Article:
Montreal

Concordia University task force proposes mandatory sexual violence prevention training for all

Students don't know how to file complaints, don't know what resources are available to them, and aren't aware of how privacy laws limit the university's ability to respond to complaints, according to a report into sexual misconduct and sexual violence released today.

Students don't know how to complain, aren't aware of university's limitations set by privacy laws, says report

Concordia University launched a task force on sexual violence and misconduct as one of several measures to respond to allegations of a predatory environment in the school's English department in January 2018. (Ryan Remiorz/Canadian Press)

Students don't know how to file complaints, they don't know what resources are available to them, and their expectations of what the university should do in the wake of a complaint don't align with the university's legal realities.

Those are the key findings of a task force on sexual misconduct and sexual violence at Concordia University, according to a report released Tuesday.

"The community as a whole doesn't know a lot about our procedures, policies and what resources we have in place," said Lisa Ostiguy, deputy provost and chair of the task force.

"We have a lot of work to do to train and educate our community members."

The task force made 42 recommendations to the university, including increasing funding for the school's Sexual Assault Resource Centre (SARC) and providing mandatory sexual violence prevention training to everyone at the university: students, faculty and staff.

Former Concordia University student Mike Spry alleged there was a predatory environment within the university English department's creative writing program in an online essay in January 2017. (CBC)

The task force was created last January, after a former student, Mike Spry, published an online essay alleging that widespread sexual misconduct in the English department's creative writing program was an open secret at the university.

It was one of several measures, including a third-party investigation into that program, announced by Concordia University president Alan Shepard after Spry's piece received local and national media attention.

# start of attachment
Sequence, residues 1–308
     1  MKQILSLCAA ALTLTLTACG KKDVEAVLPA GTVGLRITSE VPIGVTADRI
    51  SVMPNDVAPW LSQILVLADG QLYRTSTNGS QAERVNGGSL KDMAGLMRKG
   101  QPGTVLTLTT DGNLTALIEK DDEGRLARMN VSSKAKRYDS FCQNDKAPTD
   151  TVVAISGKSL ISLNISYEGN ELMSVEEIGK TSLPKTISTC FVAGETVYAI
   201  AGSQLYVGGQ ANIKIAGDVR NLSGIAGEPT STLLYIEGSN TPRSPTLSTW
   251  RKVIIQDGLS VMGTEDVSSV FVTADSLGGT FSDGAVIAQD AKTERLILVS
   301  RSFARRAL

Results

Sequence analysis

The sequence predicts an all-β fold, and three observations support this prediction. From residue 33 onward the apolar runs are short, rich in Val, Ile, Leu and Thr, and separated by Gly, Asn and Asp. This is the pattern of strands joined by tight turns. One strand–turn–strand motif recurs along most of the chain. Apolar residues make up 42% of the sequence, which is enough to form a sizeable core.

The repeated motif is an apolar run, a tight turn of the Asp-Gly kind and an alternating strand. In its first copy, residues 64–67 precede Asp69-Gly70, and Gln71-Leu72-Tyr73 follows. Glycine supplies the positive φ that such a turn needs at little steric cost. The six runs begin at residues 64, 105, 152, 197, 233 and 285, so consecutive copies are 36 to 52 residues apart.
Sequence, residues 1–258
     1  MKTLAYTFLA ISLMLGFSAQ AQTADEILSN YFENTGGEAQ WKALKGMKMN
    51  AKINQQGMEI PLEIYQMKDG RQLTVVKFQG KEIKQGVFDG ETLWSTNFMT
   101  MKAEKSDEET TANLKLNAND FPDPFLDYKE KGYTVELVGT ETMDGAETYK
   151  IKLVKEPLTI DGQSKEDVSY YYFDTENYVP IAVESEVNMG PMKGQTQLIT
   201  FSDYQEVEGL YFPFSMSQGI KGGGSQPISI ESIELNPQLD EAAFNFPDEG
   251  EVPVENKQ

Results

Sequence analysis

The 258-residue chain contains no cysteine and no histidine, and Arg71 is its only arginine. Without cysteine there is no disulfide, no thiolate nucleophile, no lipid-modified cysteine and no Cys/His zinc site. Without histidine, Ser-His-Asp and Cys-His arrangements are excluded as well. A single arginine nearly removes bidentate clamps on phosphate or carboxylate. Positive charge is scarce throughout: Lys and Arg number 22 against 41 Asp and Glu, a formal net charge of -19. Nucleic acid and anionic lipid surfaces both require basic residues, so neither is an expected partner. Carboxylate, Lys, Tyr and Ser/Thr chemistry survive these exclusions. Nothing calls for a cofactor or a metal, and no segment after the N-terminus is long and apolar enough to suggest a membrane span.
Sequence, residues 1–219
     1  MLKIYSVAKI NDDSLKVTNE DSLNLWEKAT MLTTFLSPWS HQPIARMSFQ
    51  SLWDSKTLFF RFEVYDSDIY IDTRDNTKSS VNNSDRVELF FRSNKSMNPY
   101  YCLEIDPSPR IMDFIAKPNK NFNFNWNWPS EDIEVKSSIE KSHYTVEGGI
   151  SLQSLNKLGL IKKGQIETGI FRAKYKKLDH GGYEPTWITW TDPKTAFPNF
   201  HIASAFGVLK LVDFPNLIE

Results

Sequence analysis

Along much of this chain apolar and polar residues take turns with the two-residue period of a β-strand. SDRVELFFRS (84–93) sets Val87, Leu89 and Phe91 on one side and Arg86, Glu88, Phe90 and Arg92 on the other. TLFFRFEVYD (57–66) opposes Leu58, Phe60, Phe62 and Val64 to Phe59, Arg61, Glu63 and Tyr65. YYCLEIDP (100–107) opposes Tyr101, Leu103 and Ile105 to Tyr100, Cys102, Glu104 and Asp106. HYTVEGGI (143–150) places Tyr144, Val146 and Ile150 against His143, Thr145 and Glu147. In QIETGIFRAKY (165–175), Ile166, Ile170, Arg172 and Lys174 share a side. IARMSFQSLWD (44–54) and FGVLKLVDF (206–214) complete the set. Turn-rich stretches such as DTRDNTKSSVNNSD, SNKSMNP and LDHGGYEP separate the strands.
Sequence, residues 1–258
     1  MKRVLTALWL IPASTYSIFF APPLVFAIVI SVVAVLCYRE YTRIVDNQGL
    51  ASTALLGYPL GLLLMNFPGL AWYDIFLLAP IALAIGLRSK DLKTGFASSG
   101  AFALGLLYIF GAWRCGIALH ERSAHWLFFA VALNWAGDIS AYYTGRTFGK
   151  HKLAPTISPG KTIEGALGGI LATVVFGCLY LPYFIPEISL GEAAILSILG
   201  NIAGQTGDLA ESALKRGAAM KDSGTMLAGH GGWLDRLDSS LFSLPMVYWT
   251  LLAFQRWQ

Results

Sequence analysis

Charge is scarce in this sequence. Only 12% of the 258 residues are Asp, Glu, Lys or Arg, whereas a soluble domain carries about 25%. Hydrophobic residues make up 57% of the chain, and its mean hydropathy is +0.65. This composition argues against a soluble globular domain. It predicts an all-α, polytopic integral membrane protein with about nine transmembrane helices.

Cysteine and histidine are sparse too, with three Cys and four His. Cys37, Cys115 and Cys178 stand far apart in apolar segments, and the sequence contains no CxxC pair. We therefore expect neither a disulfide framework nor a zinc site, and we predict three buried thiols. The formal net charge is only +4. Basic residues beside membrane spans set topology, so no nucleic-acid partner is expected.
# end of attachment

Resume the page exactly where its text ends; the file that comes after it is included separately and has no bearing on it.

Prof/student dating must be 'strongly dissuaded'

Lisa Ostiguy, deputy provost at Concordia, said that the task force wanted to make the language surrounding student/professor relationships clear. (CBC)
The task force addresses student/professor relationships, noting the university cannot legally ban them outright.

"The law doesn't give us enough actionable things to take place when two adults are consenting to a relationship. I think that as a university, we need to strongly say why these relationships aren't a good idea," said Ostiguy.

Ostiguy said that professors should be "strongly discouraged" from dating their students.and that any such relationships would have to be reported to the university as a conflict of interest.

Other key recommendations include:

  • creating a step-by-step guide to facilitate the complaint process.
  • instituting a review of the process every two years.
  • strengthening language in policies discouraging relationships between professors and students.
  • regular training on privacy laws in Canada, so complainants are aware of the challenges the university faces pursuing complaints made anonymously or on social media.
  • collaboration between the administration and student groups to hold workshops and other such events to "reshape the climate and culture of Concordia."
  • an increase in funding for SARC, through student fees.

Concordia University has faced criticism over its complaint process in the past. At least six Concordia students have filed complaints with Quebec's human rights commission since 2012.

​​Sophie Hough Martin, is the general co-ordinator of the ​Concordia Student Union. (CBC)

Sophie Hough-Martin, the general co-ordinator of the ​Concordia Student Union, told CBC that the report is "​a ​great start to addressing a campus-wide issue," but that she would like to see it go further.

Hough-Martin said that many students reported having a negative experience filing a complaint through Concordia, saying that there wasn't enough follow-up and that disciplinary actions weren't satisfactory.

She said she'd like to see more concrete measures to address these concerns.

"There are other universities in Canada that have done more to address issues of sexual misconduct and sexual violence on campus, within the legal constraints of the Canadian Criminal Code. So I don't see why Concordia University can't do the same," she said.